The Court today, in its 5-4 decision, overrules National League of Cities v. Usery, 426 U.S. 833 (1976), a case in which we held that Congress lacked authority to impose the requirements of the Fair Labor Standards Act on state and local governments. activities beyond the reach of Congress. omission is noteworthy, since the author of today's opinion joined I, § 8, cl.

SAMTA then filed suit in the United States District Court for the Western District of Texas seeking a declaratory judgment that its transit operations were beyond Congress' power to regulate. This Court has never before abdicated

breeds inconsistency precisely because it is divorced from those activity and most goods and services were produced and consumed 1353, 71 L.Ed.2d 547 (1982); Hodel v. Virginia Surface Mining The Secretary and Garcia again took direct appeals from the District Court's judgment. See Abel, The 71 (1869), the Court stated that the Constitution recognized "the necessary existence of the States, and, within their proper spheres, the independent authority of the States." . Constitution and the extent to which this Court, until today, has may . Any constitutional exemption from the requirements of the FLSA Thus, economy, this Court has been required to examine and review a The Act also erased liabilities owed to employees who would not have been covered by the Act as interpreted by the Department of Labor's regulations prior to the Court's decision. [20] As Justice Douglas observed in his dissent in Maryland v. Wirtz, 392 U. S., at 203, extension of the FLSA to the States could "disrupt the fiscal policy of the States and threaten their autonomy in the regulation of health and education.". The Court does not address this point; nor does it cite any authority for its contrary view. The fact that Congress generally does not transgress constitutional limits on its power to reach state activities does not make judicial review any less necessary to rectify the cases in which it does do so.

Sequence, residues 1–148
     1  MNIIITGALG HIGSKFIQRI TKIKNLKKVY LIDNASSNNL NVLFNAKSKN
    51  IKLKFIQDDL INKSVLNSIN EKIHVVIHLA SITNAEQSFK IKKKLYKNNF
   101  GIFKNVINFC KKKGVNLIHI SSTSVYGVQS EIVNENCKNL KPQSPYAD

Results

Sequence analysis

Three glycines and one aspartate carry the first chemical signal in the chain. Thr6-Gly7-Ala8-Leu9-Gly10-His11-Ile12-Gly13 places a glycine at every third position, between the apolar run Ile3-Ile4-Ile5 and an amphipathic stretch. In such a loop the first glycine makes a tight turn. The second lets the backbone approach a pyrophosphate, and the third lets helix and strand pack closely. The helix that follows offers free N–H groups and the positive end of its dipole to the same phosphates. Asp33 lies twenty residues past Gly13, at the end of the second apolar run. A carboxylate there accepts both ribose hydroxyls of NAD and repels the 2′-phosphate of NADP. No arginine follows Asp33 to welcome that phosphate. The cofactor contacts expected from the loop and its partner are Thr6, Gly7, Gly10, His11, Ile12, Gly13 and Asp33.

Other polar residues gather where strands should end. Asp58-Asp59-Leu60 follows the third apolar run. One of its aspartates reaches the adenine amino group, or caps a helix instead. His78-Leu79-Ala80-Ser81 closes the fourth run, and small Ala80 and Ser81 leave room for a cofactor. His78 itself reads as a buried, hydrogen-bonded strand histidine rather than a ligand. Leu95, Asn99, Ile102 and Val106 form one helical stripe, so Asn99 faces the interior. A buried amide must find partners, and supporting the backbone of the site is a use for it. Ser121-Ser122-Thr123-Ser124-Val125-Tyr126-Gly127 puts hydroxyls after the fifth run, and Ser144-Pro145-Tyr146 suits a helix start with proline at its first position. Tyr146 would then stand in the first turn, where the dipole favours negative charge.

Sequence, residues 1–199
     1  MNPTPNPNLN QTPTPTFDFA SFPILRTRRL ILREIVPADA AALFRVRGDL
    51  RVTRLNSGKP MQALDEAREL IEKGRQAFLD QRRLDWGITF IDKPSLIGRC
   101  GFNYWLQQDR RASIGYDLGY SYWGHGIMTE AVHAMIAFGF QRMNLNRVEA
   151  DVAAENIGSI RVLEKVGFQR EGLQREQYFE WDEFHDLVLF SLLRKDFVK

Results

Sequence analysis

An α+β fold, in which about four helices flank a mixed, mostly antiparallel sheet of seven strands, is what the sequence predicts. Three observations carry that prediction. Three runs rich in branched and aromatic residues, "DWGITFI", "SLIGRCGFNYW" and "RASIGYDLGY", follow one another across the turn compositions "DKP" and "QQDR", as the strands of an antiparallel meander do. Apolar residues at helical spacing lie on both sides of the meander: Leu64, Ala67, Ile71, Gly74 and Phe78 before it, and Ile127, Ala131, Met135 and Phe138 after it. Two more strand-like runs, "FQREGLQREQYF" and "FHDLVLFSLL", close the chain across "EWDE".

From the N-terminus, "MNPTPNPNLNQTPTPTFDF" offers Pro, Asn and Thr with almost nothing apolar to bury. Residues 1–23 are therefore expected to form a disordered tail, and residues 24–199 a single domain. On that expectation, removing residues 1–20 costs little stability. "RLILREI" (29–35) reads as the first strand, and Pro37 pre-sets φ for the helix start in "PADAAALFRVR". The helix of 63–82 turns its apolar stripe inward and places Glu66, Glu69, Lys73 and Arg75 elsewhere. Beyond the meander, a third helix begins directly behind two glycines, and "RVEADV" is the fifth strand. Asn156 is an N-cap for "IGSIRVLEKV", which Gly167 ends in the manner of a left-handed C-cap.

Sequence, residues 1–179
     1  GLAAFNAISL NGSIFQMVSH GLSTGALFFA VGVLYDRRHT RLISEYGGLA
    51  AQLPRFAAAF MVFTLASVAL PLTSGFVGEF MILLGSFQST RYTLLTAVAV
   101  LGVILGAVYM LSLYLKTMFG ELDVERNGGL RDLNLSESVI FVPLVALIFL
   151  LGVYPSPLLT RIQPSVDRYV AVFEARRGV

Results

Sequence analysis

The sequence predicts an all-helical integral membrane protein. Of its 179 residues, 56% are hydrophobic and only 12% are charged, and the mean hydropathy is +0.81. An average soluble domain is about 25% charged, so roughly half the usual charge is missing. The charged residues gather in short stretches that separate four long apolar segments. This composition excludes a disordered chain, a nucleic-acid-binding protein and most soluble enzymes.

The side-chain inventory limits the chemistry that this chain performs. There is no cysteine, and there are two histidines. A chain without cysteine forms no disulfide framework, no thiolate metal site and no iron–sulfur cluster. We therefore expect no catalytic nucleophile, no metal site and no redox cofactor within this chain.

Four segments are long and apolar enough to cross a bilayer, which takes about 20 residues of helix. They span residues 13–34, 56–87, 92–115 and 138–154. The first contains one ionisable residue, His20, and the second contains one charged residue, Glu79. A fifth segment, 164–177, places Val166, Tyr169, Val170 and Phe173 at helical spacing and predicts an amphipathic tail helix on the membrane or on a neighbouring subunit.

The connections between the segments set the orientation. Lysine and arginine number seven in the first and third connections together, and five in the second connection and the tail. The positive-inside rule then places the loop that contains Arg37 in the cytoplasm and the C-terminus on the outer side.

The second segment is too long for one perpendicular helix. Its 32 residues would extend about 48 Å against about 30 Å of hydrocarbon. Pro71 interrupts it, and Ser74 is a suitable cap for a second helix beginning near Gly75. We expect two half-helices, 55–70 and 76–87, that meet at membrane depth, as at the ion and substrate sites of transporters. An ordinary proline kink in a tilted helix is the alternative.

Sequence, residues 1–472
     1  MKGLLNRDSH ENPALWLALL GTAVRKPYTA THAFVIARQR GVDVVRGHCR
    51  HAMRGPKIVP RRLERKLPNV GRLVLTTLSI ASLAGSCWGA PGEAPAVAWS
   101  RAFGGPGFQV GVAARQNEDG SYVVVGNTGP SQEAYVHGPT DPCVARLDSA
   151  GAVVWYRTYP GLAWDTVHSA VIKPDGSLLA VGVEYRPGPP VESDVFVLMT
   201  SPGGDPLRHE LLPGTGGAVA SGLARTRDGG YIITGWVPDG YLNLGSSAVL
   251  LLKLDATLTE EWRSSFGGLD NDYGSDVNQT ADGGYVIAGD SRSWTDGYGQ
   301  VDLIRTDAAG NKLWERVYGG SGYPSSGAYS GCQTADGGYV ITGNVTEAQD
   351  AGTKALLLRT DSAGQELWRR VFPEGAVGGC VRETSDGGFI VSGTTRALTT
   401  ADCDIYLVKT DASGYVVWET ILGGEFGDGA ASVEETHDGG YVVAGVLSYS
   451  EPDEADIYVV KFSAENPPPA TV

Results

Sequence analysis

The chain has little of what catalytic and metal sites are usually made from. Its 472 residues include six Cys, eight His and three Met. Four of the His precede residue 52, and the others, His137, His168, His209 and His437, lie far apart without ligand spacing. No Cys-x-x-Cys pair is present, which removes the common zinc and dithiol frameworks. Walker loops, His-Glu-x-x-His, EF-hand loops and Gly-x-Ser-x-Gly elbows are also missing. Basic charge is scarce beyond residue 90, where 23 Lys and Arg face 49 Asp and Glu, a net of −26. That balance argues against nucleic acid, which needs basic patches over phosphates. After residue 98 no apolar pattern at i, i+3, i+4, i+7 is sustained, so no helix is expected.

This is as true today as it was when the Constitution was adopted. 557 F. their role in Presidential elections. only lipservice to the role of the States. common weal. In the majority's view, the constitutional grant of authority to Congress to regulate interstate commerce was not qualified by any implied limitation on the right to regulate the activities of the states when they engaged in interstate commerce; on the contrary, the Commerce Clause invalidates state regulations that interfere with commerce, while the Supremacy Clause allows Congress to preempt state laws that conflict with federal law in this area.

The court looked first to what it regarded as the "historical reality" of state involvement in mass transit. The central theme of National League of Cities was that the States occupy a special position in our constitutional system and that the scope of Congress' authority under the Commerce Clause must reflect that position. "The science of government . CH. 1961). 579 (1819), that lies at See McCulloch v. Maryland, 4 Wheat. EEOC v. Wyoming, 460 U. S., at 236. alternative standards that might be employed to distinguish between © 2020 Courtroom Connect, Inc. More than a century ago, in Lane County v. Oregon, 7 Wall. from the limitation on federal authority inherent in the delegated 1270, 1296-1297 (Kan.1980); regulation of intrastate natural gas limitation, and it must be tailored to compensate for possible 1427 (1938), was moved to observe: "An For much the same reasons, the existence vel 293 U.S., at 225. Congress. Ante, at 538-539.